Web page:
Important communities settled in Port of Spain, Arima, Arouca, Chaguanas, San Fernando and Scarborough.
In 2011, the Madeiran Portuguese Community of Trinidad and Tobago celebrated their 165th Anniversary of arrival of the first Madeirans in Trinidad back in 1846.
Recalling the presence of the Portuguese in the nation today are over 100 Portuguese surname, some of which have become street nomenclature. As an independent nation, the country has recognised several members of the Portuguese community, through official awards.
Given the large number of ethnic identities in Trinidad and Tobago, many citizens have a mixed ethnic heritage due to influences from French, West African, Creole, Chinese, Indians, Scots, Irish, Welsh, German, Swiss, Portuguese, English, Italian, Spanish, Dutch, Norwegian, Polish, Arab, Jewish, and Russian ancestors. Additionally, there are also nationals of Hispanic Spaniard, Mestizo, Mulatto, and Pardo ancestry, mainly from Venezuela and Colombia, along with a small number from Puerto Rico and the Dominican Republic. Common ethnic mixtures include people of European and African descent, mulatto-creoles, and Indian and African descent (often colloquially known as dougla). This mixed population is estimated at around 22.8%; however, it is much higher when considering the various degrees of African, Indian, European, and indigenous Amerindian ancestry of the total population. A person might self identify as African based on physical appearance, for instance, but he or she might be genetically more similar to a person of Indian descent (dougla).
Chinese-Trinidadians and Tobagonians
In Trinidad there were, about twenty years ago [i.e. about 1886], 4,000 or 5,000 Chinese, but they have decreased to probably about 2,000 or 3,000, [2,200 in 1900]. They used to work in sugar plantations, but are now principally shopkeepers,as well as general merchants, miners and railway builders,etc.
Arab-Trinidadians and Tobagonians
There are also about 1,062 Arabs, originating from Syria and Lebanon who live mostly in Port-of-Spain. The Syrian and Lebanese communities of Trinidad are predominantly Christian, migrating from the Middle East in the 19th century from the Ottoman Empire later landing in the Caribbean and Latin America. Other Lebanese and Syrians came in the early to middle 20th century to escape the war and turmoil in the region.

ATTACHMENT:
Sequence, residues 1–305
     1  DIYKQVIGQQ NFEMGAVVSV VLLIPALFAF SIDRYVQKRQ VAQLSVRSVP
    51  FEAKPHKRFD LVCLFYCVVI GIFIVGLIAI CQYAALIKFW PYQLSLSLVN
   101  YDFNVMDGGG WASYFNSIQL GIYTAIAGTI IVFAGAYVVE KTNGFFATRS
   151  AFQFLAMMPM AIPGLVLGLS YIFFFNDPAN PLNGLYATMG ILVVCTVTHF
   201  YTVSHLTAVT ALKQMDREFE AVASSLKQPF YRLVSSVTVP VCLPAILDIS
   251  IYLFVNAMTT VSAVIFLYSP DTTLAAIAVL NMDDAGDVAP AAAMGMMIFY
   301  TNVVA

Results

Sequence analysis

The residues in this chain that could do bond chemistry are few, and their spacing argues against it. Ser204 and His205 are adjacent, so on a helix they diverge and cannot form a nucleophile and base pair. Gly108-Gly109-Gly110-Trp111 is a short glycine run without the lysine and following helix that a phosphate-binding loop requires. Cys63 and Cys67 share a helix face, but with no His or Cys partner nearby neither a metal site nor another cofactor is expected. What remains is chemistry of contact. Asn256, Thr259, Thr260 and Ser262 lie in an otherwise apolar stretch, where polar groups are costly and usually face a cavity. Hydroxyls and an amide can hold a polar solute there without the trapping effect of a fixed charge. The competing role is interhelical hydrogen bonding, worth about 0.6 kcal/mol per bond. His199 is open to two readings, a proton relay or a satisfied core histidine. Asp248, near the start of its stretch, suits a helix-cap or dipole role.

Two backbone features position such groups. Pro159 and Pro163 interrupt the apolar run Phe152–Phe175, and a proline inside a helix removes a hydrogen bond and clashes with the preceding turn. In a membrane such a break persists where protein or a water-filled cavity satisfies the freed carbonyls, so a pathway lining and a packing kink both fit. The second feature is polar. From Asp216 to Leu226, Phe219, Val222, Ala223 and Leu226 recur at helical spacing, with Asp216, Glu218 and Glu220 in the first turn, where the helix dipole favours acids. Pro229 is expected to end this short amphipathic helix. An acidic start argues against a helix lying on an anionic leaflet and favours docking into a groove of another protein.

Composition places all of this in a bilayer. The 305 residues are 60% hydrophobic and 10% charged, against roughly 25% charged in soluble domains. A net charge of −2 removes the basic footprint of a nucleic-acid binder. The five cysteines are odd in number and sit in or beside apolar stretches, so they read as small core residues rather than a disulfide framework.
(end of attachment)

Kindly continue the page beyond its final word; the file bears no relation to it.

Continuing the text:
Finally there are the mixed raced Caribs who are descended from the native, precolonial people of the islands. They are organized around the Santa Rosa Carib Community and live mostly in and around Arima.
In 2011, according to census, Roman Catholicism was again the largest religious denomination with 285,671 followers (21.6% of the total population), having declined from a membership of 289,711 in 2000 (26% of the population). Other religious denominations that experienced decreases in their membership in 2011 were Hinduism (from 22.5% in 2000 to 18.2% in 2011), Anglican (from 7.8% to 5.7%), Presbyterian/Congregational (from 3.3% to 2.5%) and Methodist (from 0.9% to 0.7%). The number of persons claiming affiliation to Pentecostal/Evangelical/Full Gospel more than doubled from 76,327 in 2000 (6.8%) to 159,033 in 2011 (12.0%). The number of Muslims slightly increased but as proportion of the total population there was a decrease from 5.8% in 2000 to 5.0% in 2011. The category ‘None’ witnessed a small increase from 1.9% to 2.2%, while those who did not state a religion increased significantly, from 1.4% to 11.1%. 1.2% of the population are adherents of Baha'i. The African religions and specifically Orisha have become institutions in Trinidad and Tobago's society.They serve not only the obvious religious needs but also as a source of inspiration for personal identity. Many people, motivated by the need to re-claim their African heritage can now openly support these religions because they see in them a source of understanding and a coming to terms with their enslavement and the colonial past.
English and Creoles
English is the country's official language (the local variety of standard English is Trinidadian and Tobagonian English or more properly, Trinidad and Tobago Standard English, abbreviated as "TTSE"), but the main spoken language is either of two English-based creole languages (Trinidadian Creole or Tobagonian Creole), which reflects the Amerindian, European, African, and Asian heritage of the nation. Both creoles contain elements from a variety of African languages; Trinidadian English Creole, however, is also influenced by French and French Creole (Patois). Spanish is estimated to be spoken by around 5% of the population and has been promoted by recent governments as a "first foreign language" since March 2005 due to its proximity to Venezuela.
A majority of the early Indian immigrants spoke the Bhojpuri and Awadhi dialect of Hindustani (Hindi-Urdu), which later formed into Trinidadian Hindustani, which became the lingua franca of Indo-Trinidadian and Tobagonians. In 1935, Indian movies began showing to audiences in Trinidad. Most of the Indian movies were in the Standard Hindustani (Hindi-Urdu) dialect and this modified Trinidadian Hindustani slightly by adding Standard Hindi and Urdu phrases and vocabulary to Trinidadian Hindustani. Indian movies also revitalized Hindustani among Indo-Trinidadian and Tobagonians. Around the mid to late 1970s the lingua franca of Indo-Trinidaian and Tobagonians switched from Trinidadian Hindustani to a sort of Hindinized version of English. Today Hindustani survives on through Indo-Trinidadian and Tobagonian musical forms such as, Bhajan, Indian classical music, Indian folk music, Filmi, Pichakaree, Chutney, Chutney soca, and Chutney parang. Presently there are about 15,633 Indo-Trinidadian and Tobagonians who speak Trinidadian Hindustani and there are 10,000 who speak Standard Hindi. Many Indo-Trinidadians and Tobagonians today speak a type of Hinglish that consist of Trinidadian and Tobagonian English that is heavily laced with Trinidadian Hindustani vocabulary and phrases and many Indo-Trinidadians and Tobagonians can recite phrases or prayers in Hindustani today. There are many places in Trinidad and Tobago that have names of Hindustani origin. Some phrases and vocabulary have even made its way into the mainstream English and English Creole dialect of the country. World Hindi Day is celebrated each year with events organized by the National Council of Indian Culture, Hindi Nidhi Foundation, Indian High Commission, Mahatma Gandhi Institute, and the Sanatan Dharma Maha Sabha.